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A large tuna is landed by fishermen working together
A large tuna is landed by fishermen working together
Courtesy of Jose Cort
FAO supplements activities of tuna fishery bodies, other regional international and national institutions involved in tuna fisheries research, management and trade of these species. Because of their regional and national competence, FAO plays a global role in:
• the collation, analysis, synthesis and dissemination of data and other information on the species and
• the resolution of global problems in fisheries research and management.

As a result, the data and other information on the tuna taxonomy, ecology, fisheries, farming, catches, stock status and fisheries management have been collated on the global scale, analysed and synthesized. They are disseminated to fisheries scientists, managers, fishing and processing industry, governments, other international organizations and the public at large.

Global tuna data and other information

FAO has been active particularly the collation, analysis, synthesis and dissemination of:
• data on tuna catches and
• information on tuna fisheries research, the status of the associated stocks, fisheries, markets, trade and fisheries management.

The top two data sets listed below are specifically for tuna and in the case of the 2nd data set, also for some billfishes. They contain data obtained mostly from the tuna Regional Fishery Management Organizations (RFMOs) and the Secretariat of the Pacific Community (SPC). The last data set presents mostly official national statistics for all fish species including tuna and billfishes.

FAO fishery bodies

One of the tuna fishery bodies (Indian Ocean Tuna Commission (IOTC)) has been created and operates within the framework of FAO. Another FAO fishery body (General Fisheries Commission for the Mediterranean (GFCM)) dealing with all marine resources in the Mediterranean Sea is active also in the management of tuna and tuna-like species in that Sea.

Resolution of global problems in tuna fisheries research and management

Many problems in tuna fisheries research and management are in the global scale. Therefore, it is more efficient and effective to deal with them on that scale, while the tuna fishery bodies have a regional scope. In addition to its global role, FAO provides a multi-disciplinary context involving all marine and island fish species for the consideration and resolution of tuna problems. One example of global cooperation and FAO’s contribution to global tuna fisheries management is the conclusion of the UN Stock Agreement to which FAO significantly contributed technically. The Agreement and the Code of Conduct for Responsible Fisheries (formulated within the framework of FAO) pose new requirements for conservation, fisheries management, technology and research for tuna and tuna-like species.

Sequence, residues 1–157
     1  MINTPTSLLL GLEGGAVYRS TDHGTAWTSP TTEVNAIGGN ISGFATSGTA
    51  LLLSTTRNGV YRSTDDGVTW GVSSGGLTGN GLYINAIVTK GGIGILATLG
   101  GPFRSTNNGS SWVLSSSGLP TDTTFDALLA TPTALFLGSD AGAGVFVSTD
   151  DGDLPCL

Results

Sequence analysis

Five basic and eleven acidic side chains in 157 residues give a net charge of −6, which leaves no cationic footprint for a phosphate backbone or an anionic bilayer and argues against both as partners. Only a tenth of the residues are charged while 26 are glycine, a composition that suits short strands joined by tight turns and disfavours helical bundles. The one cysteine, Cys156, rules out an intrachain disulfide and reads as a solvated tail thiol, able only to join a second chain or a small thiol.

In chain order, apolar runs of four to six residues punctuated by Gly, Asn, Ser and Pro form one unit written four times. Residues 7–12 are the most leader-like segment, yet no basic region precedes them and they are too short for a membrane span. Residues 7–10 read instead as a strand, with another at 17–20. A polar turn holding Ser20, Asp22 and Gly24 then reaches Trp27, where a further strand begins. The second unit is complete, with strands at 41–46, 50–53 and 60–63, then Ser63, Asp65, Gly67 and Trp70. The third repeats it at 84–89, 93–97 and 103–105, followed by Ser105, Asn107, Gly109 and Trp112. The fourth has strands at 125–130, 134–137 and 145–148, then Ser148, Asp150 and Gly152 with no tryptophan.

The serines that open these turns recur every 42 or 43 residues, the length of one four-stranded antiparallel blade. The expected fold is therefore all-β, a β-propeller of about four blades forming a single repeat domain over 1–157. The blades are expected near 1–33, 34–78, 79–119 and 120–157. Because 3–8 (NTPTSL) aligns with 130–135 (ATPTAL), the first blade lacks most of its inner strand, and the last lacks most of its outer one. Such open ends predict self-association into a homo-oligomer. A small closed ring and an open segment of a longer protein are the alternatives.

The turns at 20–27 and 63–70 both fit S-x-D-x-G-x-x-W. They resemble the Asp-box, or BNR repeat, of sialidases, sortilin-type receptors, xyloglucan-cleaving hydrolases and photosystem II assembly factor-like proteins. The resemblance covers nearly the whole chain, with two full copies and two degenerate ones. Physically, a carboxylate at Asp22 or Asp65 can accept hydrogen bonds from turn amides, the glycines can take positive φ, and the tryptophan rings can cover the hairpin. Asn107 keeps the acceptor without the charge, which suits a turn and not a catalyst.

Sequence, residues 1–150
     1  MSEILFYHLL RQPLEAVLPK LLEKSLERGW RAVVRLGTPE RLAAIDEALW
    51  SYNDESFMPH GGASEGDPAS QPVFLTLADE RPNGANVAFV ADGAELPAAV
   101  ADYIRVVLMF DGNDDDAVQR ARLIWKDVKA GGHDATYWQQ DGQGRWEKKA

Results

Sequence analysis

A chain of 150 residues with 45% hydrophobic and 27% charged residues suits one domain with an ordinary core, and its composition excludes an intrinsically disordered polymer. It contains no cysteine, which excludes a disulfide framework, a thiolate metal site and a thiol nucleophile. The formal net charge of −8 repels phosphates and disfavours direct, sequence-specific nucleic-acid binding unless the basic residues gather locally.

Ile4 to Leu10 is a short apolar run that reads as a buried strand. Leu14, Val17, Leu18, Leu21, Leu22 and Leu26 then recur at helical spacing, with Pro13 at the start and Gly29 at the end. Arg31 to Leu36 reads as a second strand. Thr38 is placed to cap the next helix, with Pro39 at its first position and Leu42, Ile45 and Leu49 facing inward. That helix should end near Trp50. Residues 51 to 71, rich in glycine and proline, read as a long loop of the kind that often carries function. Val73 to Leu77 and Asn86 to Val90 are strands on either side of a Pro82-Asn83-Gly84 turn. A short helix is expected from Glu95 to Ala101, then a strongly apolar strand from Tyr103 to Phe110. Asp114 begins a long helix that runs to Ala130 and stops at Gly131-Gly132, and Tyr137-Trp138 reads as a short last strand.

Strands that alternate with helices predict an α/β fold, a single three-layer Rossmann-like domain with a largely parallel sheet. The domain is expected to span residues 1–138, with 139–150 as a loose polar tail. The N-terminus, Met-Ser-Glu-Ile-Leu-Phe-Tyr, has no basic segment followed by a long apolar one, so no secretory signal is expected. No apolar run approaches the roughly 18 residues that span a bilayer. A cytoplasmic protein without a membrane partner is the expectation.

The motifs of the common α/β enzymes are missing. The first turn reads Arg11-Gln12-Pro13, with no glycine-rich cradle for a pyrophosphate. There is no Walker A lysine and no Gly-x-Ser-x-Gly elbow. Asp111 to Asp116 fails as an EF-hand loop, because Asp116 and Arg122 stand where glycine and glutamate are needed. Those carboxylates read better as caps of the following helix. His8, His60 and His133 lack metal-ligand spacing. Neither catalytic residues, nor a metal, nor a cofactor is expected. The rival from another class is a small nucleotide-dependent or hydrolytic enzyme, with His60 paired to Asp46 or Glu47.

More recently, FAO has provided a technical support for the 1st Joint Meeting of Tuna Regional Fisheries Management Organizations, which was held in Kyoto, Japan in 22 to 26 January 2007, which was organized to exchange information and discuss problems of mutual interest among them.

For further information, see:

Precautionary Approach and Tuna Research: Perspective from the 1995 UN Agreement, [Majkowski. j. 1998. In Cayré, P. & Le Gall, J.-Y., 1998. Le thon: enjeux et stratégies pour l'océan Indien/Tuna prospects and strategies for the Indian Ocean. In Proceedings of the International Tuna Conference 1996, 27–29 November 1996, Maurice. COI/Orstom, Paris, collection Colloques et Séminaires, 433–60p.].

Hauling the purse seine.The tuna is still in the water, trapped in the purse tied up in the bottom; the crew removes the by-catch from the net before hauling the tuna onboard.
Hauling the purse seine.
Courtesy of Fadio/IRD-IFREMER/M. Taquet

FAO projects

In March 2000, FAO co-organized and co-financed, jointly with most tuna fishery bodies and some other institutions, a global Expert Consultation on Implications of the Precautionary Approach for Tuna Biological and Technological Research in Thailand. The precautionary approach is incorporated in the UN Fish Stocks Agreement and in the Code. It may affect the exploitation of tuna and tuna-like species by calling on states to be more cautious where information is uncertain, unreliable or inadequate.

Bio-economic interactions among fisheries need to be scientifically addressed for the resolution of fisheries management problems. Effort in this direction in collaboration with tuna fishery bodies and other institutions was initiated by FAO and implemented by its Japan-financed project on that subject. It initially concentrated its activities in the Pacific, extending them to other oceans later on.

For many tuna fishing fleets, there is insufficient control of their capacity, fishing effort and catches. Recently, concerns have emerged on over-capacity of tuna fleets. As a result, FAO formulated and implemented a multi-disciplinary project financed by Japan on the management of tuna fishing capacity. That project was carried out in collaboration with the tuna fishery bodies and other international organizations involved in tuna fishing, fisheries research and management. Its objectives were (i) to provide technical information on and (ii) to identify, consider and resolve technical problems associated with the management of tuna fishing capacity on the global scale, taking into account conservation and socio-economic issues. At present, with the completion of the project, the management of tuna fishing capacity is continued to be addressed by tuna fishery bodies and other fisheries institutions.

For further information, see:

Using stock assessment information to assess fishing capacity of tuna fisheries
Haritz Arrizabalaga; Victor R. Restrepo; Mark N. Maunder; Jacek Majkowski
2009; doi: 10.1093/icesjms/fsp165

 
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